I began to ponder the creation and destruction of all things, and how nature is rooted in both order and chaos. This led me to considering the role of the artist as both creator and destroyer. As a creative exercise, I produced drawings and paintings based on a grid. I gave myself certain rules as far what I could create within the grid, and left certain elements up to my intuition. But whenever I filled in and created something in a given section of the grid, that creation would obliterate and destroy what I had created beforehand in the background behind the grid. I felt like I was playing the role of Mother Nature, overseeing the ruthless game of what goes and what stays. The final compositions elicit a feeling of either something on the brink of formation, or having just been blown completely to pieces. Most of my current work is based on this newfound relationship to nature, specifically in the Wild West.
11. Your color palettes are gorgeous, refined, clean, and focused. Is there a process for creating them or is it more of an intuitive feeling?
Those color palettes are mostly based on the earth tones I see in these sublime Western landscapes. I am currently trying to break out of that palette, using more saturated hues and going with my intuition. I think there will be more color in my upcoming work…
12. Years ago you went back to school to become a teacher. What motivated you to go into the field of education? What’s the most rewarding part of teaching art?
Both my parents are teachers, so you could say it is in the blood. Actually, rebellious child that I am, for a long time I actively rejected the possibility of teaching, as I would be following in their footsteps. Ultimately I could not deny that all my interests and natural abilities pointed to a flourishing career in education. I discovered that while teaching I had to be ten thousand times more creative, quick and strategic than I ever would have been while sitting alone in a studio. It is exhausting work, so it was hard (and still is) for me to find enough time and energy to work on my own artwork. Teaching was my art, and that became my philosophy. It still rings true to me. Because I teach students of all ages, I have to figure out how humans of all developmental stages and abilities learn best within a group setting, coupled with the constraints of limited time and space. Most days, my job feels like an outlandish game show! But I think that is what I really love about it. It is most rewarding for me when a student (adult or child) initially claims they cannot do something, and after much guidance and coercion successfully completes the task on their own. Equally heartwarming: when children genuinely geek out while attending an art museum and witnessing artwork by artists we learn about in class. I die with excitement and pride when children name drop Basquiat to a joyously shocked adult.
13. You are also an expert closet organizer! What advice to you have for those inspired by Marie Kondo recently to create more zen with their belongings, clothing, and closets?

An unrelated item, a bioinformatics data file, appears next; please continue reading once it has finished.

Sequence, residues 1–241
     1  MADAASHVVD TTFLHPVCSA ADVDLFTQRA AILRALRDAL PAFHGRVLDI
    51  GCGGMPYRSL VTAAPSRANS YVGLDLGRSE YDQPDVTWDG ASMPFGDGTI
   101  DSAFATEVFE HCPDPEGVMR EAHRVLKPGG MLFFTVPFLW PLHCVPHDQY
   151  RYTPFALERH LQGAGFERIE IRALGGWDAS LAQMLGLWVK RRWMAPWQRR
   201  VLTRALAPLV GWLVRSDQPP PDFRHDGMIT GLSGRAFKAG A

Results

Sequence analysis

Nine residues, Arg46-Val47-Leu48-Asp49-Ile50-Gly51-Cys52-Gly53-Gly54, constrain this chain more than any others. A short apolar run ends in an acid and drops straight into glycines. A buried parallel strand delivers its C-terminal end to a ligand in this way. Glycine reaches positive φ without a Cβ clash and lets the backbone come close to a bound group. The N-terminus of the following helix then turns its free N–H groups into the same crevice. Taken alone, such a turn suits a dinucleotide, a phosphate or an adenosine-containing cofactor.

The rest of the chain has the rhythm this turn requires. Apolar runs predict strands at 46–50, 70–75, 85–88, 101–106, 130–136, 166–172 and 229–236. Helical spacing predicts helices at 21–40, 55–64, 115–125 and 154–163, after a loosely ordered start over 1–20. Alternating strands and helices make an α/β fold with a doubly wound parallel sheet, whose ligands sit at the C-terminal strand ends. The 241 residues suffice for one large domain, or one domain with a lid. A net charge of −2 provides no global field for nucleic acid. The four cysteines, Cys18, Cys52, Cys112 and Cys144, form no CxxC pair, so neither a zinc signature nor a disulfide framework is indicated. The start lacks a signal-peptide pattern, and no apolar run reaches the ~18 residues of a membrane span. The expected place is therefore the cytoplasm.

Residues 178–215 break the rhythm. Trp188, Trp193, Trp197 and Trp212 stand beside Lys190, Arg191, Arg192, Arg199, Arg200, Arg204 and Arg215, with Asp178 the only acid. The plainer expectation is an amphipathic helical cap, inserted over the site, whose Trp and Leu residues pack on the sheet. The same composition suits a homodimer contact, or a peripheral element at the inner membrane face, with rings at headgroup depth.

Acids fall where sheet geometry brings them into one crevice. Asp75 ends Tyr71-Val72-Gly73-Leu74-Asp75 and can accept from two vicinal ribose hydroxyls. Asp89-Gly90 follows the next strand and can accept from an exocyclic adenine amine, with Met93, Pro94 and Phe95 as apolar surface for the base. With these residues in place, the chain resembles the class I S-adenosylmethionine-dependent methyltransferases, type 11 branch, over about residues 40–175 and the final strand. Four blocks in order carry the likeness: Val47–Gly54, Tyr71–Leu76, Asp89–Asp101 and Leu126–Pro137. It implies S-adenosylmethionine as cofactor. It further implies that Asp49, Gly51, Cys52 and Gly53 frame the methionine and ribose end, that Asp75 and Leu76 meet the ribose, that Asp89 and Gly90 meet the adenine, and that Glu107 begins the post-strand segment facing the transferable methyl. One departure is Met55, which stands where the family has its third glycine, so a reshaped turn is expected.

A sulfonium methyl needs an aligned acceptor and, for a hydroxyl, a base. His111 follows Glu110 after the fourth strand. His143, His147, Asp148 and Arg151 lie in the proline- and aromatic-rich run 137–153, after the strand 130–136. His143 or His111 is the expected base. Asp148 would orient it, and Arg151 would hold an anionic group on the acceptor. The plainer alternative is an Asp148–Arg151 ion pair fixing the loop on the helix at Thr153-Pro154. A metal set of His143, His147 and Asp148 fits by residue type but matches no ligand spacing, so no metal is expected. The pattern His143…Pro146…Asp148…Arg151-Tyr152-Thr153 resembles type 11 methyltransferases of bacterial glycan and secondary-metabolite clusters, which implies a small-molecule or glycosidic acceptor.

Ahh- where to begin?! In a nut shell: make this a space of beauty, function and a reflection of who you truly are. Do not make it a space to shove all your secrets, past lives, confusion and shame. My advice is to take the time to go through every item in your closet and ask yourself: When was the last time I used/wore this? Can I envision myself using/wearing this now? If so, to what occasion? If you can define where and when you would use/ wear such item, it will plant a seed in your mind for the future when such an occasion arises. All of those items should be visibly hung up, and preferably in ordeder by color. I typically loathe dressers or any space that involves folded clothes lying on top of one another. If your items are hidden, you will forget that they exist. You will then unnecessarily purchase similar items, only to lose those in the same dresser Black Hole. Hanging up and arranging your items by color will allow you to: 1. Find/put away your items easily 2. Realize that you have 5 red shirts, and thus do not need to purchase any more 3. Make the closet appear as a beautiful artwork that you actually want to maintain. If you come across old items that you cannot envision yourself ever using, take them to your local Goodwill or Crossroads Trading Company (or a resale shop of choice.). You can even host a fun clothing swap with friends. Do not hold onto something just because you feel guilty that you bought it and never used/wore it. It would have the possibility of a better life if you found it a home with someone who does want it.
14. We just had an amazing time joining you in your beautiful Silver Lake backyard for a painting workshop and wine tasting. For those who want to join your next painting x wine tasting events in LA, how can they find out more and sign up?
Yes! I had so fun doing the Seek pop-shop painting workshop. I will be hosting future workshops that include all forms of media (not just painting) as well as tastings of either raw, natural, organic and/or biodynamic wines. Since the workshops will take place all outdoors, I have named these upcoming series of boozy workshops Plein Air LA. "Plein air" is French for outdoors, and is a painting style where painters would physically paint outdoor in nature in order to capture the true essence of the daylight. I am still in process of building the website, www.pleinairla.com, that will include a calendar of different workshops and a way to register for classes. For now, I am just reaching out to various friends and friends of friends who I know will enjoy these events. If anyone is interested in joining these small, intimate starter workshops, they can DM me on Instagram (@anneelisekyle) and I will be sure to keep them in the loop!